"Yeah, that's right. It's not that thing, like 'Give it to 'em, Jolson!' you know? It's this beautiful, beautiful thing."

WEB EXCLUSIVE: To listen to streaming audio of selections from the "Inside Llewyn Davis" soundtrack, featuring Oscar Issac, Marcus Mumford, and Stark Sands with the Punch Brothers, or to purchase the album, click on the player below.  

 

One of the most acclaimed producers in music, the 65-year-old Burnett is happiest behind the mixing board. 

But in the Seventies, the 6'5" Texan was coaxed on stage by Bob Dylan, when Dylan brought him to the Bitter End in the Village to join his Rolling Thunder Revue. 

Burnett said, "It was my first time to perform on stage, and it was terrifying. 

"About two thirds of the way through the show [Dylan] would stop and say, 'Okay, T Bone, play that song.' And he would build up the most intense attention from the audience. He just dropped me in the middle of it. I had to play this really slow, seven-minute song on the piano while he played bass.

"It was like lesson number one in show business -- and I still don't know what the lesson was!"

"That is a real trial-by-fire," said Mason.

"It was. Having to follow Dylan, that was pretty intense." 

WEB EXTRA VIDEO: Click on the video player at left to hear T Bone Burnett discuss the Greenwich Village music scene in the Sixties.

"What is it about producing for film that is so satisfying?"

"Putting music and image together is a very powerful thing," Burnett said. "And you can completely shift the tone of the story. You can shift the story by shifting the music."

He's collaborated with the Coen Brothers three times before, most notably on the 2000 film, "O Brother, Where Art Thou?," which revived American rural music of the '30s.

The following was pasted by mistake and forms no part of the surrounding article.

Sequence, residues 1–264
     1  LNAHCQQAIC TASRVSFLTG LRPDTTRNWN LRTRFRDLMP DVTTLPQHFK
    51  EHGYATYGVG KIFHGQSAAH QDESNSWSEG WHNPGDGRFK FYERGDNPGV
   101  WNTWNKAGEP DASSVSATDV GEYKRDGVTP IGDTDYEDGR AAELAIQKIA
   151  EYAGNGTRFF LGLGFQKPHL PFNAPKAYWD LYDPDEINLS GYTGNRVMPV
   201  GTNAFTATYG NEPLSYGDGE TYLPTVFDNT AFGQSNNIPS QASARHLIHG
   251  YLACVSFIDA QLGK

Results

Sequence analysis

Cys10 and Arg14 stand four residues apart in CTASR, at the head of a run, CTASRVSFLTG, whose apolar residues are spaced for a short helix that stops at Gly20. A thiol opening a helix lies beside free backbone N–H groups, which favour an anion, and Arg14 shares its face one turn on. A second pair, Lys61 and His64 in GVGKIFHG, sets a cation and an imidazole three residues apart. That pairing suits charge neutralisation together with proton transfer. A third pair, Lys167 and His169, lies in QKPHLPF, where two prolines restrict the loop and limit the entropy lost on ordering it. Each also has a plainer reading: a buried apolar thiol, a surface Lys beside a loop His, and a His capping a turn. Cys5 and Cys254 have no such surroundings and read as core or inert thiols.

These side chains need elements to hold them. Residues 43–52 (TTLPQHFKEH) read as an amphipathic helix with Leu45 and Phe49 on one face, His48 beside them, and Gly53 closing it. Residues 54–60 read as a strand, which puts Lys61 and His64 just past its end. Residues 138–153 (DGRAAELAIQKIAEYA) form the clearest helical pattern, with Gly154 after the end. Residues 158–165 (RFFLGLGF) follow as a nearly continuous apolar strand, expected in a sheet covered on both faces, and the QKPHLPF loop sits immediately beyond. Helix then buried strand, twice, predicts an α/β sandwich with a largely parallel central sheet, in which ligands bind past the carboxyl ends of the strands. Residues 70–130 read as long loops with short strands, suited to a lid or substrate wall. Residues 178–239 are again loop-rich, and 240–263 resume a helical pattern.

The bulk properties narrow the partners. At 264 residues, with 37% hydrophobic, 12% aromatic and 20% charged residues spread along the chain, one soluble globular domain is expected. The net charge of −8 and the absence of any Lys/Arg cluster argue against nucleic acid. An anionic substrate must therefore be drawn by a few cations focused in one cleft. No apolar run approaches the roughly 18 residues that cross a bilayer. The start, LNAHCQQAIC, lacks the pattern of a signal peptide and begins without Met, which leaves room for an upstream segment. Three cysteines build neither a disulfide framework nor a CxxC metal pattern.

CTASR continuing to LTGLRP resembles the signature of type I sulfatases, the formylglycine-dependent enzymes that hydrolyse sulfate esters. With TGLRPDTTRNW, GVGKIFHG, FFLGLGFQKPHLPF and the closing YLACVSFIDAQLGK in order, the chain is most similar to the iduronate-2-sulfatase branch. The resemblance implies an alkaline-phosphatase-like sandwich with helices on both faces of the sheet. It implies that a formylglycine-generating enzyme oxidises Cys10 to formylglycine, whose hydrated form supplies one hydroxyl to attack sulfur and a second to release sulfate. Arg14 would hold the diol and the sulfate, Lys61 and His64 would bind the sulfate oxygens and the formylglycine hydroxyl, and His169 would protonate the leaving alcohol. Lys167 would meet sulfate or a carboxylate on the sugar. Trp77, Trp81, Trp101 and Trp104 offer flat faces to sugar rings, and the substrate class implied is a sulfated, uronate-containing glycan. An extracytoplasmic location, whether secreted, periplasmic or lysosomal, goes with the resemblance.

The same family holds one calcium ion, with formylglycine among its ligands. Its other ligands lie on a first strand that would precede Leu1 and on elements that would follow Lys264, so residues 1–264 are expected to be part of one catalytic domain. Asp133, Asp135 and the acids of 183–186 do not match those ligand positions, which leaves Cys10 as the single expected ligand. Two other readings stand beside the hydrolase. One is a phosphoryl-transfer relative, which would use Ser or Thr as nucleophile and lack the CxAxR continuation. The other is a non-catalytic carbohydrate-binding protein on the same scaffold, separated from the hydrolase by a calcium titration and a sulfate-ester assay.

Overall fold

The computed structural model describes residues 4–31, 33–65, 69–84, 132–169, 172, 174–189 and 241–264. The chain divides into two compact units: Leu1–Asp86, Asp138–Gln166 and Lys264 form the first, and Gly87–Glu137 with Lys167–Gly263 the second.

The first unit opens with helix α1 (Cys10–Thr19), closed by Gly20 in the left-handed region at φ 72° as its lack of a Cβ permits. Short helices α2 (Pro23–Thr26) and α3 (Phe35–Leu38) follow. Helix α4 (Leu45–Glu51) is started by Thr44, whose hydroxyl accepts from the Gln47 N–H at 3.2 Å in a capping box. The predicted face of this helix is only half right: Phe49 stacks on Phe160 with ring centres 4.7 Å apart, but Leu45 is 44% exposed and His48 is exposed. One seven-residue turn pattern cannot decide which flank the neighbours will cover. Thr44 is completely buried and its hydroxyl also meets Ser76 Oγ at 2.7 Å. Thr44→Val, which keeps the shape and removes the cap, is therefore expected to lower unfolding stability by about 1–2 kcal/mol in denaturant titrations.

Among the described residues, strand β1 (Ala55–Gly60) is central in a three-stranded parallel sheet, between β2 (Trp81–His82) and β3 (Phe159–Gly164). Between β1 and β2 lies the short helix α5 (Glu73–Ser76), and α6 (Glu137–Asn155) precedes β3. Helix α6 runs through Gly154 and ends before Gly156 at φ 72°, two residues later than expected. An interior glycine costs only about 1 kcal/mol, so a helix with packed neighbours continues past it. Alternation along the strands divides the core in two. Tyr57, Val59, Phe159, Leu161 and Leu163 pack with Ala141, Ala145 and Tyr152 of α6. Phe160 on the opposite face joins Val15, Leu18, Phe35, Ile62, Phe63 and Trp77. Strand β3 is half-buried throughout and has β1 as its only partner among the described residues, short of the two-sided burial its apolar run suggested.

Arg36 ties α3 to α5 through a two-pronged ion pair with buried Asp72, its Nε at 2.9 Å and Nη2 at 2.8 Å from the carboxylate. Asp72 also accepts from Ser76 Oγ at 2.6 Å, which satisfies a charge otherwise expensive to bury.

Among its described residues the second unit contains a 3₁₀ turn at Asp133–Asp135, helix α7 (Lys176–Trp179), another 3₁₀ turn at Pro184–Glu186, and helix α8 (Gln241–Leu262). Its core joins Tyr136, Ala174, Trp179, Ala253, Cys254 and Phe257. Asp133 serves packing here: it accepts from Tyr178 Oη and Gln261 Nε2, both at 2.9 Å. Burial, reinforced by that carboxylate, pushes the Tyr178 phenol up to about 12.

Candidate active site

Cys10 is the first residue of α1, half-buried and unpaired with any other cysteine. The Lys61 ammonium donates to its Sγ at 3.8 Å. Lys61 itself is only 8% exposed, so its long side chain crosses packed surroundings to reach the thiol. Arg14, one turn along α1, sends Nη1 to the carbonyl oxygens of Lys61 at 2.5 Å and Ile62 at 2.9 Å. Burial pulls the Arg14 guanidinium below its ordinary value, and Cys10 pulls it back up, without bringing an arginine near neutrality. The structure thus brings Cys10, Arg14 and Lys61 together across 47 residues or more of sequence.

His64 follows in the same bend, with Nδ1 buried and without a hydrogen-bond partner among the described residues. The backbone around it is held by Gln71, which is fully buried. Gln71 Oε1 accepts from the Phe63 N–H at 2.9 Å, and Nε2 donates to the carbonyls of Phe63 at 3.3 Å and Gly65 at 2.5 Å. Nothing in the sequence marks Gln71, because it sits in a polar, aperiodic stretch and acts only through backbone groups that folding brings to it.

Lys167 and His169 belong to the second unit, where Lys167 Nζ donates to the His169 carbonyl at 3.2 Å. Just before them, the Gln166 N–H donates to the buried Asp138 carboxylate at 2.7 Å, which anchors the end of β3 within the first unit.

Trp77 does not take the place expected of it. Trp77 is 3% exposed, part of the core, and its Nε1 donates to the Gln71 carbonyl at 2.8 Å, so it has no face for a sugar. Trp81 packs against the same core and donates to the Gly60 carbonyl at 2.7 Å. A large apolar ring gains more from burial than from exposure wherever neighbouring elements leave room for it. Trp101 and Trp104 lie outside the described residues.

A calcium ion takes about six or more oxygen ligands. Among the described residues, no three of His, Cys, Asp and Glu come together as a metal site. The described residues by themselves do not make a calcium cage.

The soundtrack would sell 10 million records. 

Mason said, "I know none of you expected the reaction that the music in 'O Brother, Where Art Thou?' got."

"T Bone did," laughed Ethan Coen.

"Oh yeah, yeah," Joel agreed. "We would go into meetings and he would say to, you know, various studio executives, 'You don't understand. This hillbilly music is gonna be the next big thing.' And Ethan and I would sit there quietly but then go out of the office and, 'Really?'

"But T Bone was right!" he laughed.

That same roots music influenced the Greenwich Village scene in the '60s. Artists, like the fictional Llewyn, were trying to return to something authentically American -- even if the commercial potential seemed bleak. 

 

"He was just trying to find an environment, a community, where he could do what he did and stay alive, you know, survive," said Burnett.

In the film, the fictional Llewyn Davis struggles to be heard. But the music, soulful and pure, is irrepressible.


 

 

For more info:

More on "Inside Llewyn Davis":

NYFF Review: The Coen Brothers' "Inside Llewyn Davis"
Carey Mulligan, co-stars talk "Inside Llewyn Davis" at NYFF premiere
Coen Brothers win big, cause upset at Gotham Awards
John Goodman on working with the Coen Brothers